Restaurant Workers Are Relating To This Postmates Order Pileup TikTok

"We thought we were taking a video of a countdown to opening on Postmates, but the numbers were going the wrong way." Thus reads the text for a video that the Los Angeles-based Carla Cafe uploaded to TikTok. In the recording, we see the number of scheduled orders steadily rise from 16 to 29 before any actual details for those orders appear on the screen. "Restaurant workers know the struggle," they wrote knowingly in the description.

As of writing, the video has accrued around 430K views. Of those, most agreed with the sentiment. The most liked comment reads "This is physically painful to watch." A few viewers were confused by everyone else's reaction. After all, more orders means more business, right? "Have you never worked in a restaurant before?!" came the retort. "27 different orders at once is literally impossible." By ordering via an app, the customer can have the expectation that their order will be addressed immediately, whereas if they were in the café and could see all the other customers, they might not anticipate the same speed. Moreover, workers then have to deal with impatient Postmates delivery riders who are understandably aggravated about how their income — which depends on number of deliveries made — is being held up by a backlog of orders.

One solution to this was offered: "All they have to do is fix the app settings. They can make it not take orders when they are closed." At least that would staunch the flow before food can be prepared.

It's an industry-wide transition

Even businesses that are theoretically equipped to address massive amounts of orders have struggled with the society-wide transition to delivery apps.

The ongoing push to unionize Starbucks outlets was driven not just by generally poor work conditions, but also by heightened demand driven by delivery apps. "Technology was made for customers and not for employees," Casey Moore, one of the main proponents for the successful union drive in Buffalo, told Reuters in December. "Without a union we haven't been able to voice how the technology could also work for us." In concrete terms, Reuters detailed how Starbucks' holiday tumblers caused such high traffic on the delivery apps that the store fell behind by 40 minutes, and 30 drink orders were abandoned by their customers.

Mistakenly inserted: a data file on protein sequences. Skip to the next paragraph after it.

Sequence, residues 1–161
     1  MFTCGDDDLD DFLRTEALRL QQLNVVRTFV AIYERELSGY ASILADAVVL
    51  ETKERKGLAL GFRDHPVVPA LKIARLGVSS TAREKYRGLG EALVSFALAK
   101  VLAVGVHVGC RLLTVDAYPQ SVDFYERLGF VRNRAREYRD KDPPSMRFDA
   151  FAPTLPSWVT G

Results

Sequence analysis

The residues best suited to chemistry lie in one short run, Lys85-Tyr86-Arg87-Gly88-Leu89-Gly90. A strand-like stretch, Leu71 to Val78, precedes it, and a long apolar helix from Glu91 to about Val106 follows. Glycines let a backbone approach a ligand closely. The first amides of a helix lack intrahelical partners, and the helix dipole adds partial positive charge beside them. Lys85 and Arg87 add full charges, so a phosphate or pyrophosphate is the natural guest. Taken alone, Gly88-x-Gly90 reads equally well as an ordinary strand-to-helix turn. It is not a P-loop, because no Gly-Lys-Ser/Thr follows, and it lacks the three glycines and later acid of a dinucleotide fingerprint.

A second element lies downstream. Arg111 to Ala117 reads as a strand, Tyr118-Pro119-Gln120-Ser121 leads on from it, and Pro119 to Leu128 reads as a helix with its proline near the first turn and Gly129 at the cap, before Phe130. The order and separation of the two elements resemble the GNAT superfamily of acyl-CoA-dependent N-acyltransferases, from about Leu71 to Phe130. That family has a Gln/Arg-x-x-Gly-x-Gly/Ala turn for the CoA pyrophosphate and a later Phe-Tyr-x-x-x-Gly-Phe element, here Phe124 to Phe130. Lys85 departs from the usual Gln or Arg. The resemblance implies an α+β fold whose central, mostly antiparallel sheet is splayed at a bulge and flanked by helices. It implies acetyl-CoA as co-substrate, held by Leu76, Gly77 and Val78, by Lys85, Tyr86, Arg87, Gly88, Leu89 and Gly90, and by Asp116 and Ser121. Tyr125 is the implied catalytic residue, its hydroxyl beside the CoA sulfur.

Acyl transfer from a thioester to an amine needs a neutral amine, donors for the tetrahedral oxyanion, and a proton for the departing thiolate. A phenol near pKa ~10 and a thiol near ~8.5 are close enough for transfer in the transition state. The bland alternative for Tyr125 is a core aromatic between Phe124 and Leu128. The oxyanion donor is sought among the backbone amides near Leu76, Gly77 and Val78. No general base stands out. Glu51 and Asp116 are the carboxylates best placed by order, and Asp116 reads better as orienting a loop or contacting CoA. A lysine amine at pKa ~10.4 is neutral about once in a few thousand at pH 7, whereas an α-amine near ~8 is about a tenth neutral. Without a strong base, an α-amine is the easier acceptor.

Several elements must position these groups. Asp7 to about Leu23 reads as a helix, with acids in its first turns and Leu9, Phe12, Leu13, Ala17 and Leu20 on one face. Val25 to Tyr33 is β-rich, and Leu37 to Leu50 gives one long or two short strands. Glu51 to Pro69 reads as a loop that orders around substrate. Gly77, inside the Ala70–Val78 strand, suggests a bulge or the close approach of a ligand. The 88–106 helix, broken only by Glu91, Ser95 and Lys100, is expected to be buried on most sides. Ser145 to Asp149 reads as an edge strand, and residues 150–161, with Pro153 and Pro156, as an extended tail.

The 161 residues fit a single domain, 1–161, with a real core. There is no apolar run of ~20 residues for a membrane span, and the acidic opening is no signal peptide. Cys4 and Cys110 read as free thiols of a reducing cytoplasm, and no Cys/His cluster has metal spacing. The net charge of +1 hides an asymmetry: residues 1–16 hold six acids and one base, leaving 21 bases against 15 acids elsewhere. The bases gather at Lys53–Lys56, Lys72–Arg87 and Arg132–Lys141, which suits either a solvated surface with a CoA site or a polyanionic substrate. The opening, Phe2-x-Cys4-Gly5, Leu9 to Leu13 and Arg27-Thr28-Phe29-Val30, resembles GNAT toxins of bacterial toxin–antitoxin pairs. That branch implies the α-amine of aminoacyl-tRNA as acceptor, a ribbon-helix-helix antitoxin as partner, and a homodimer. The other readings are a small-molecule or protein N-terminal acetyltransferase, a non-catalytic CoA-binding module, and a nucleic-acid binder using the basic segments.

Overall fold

This is the norm for most fast food. "Most online orders are massive," an anonymous Sonic worker described to Modern Retail, "and there's no way to cancel them. The system still gives them priority, so now we're swamped and there's nothing to do but work our butts off. Drive-thru times regularly reach about 10 minutes during this." 

Considering how, as Yahoo! Finance relays, some expect the global online food delivery market to more than double in value to $223.7 billion by 2027, the need for businesses to navigate the more hectic aspects of online ordering becomes self-evident. Unless, of course, they are fine with burning out their entire workforce and then complaining about a labor shortage afterward.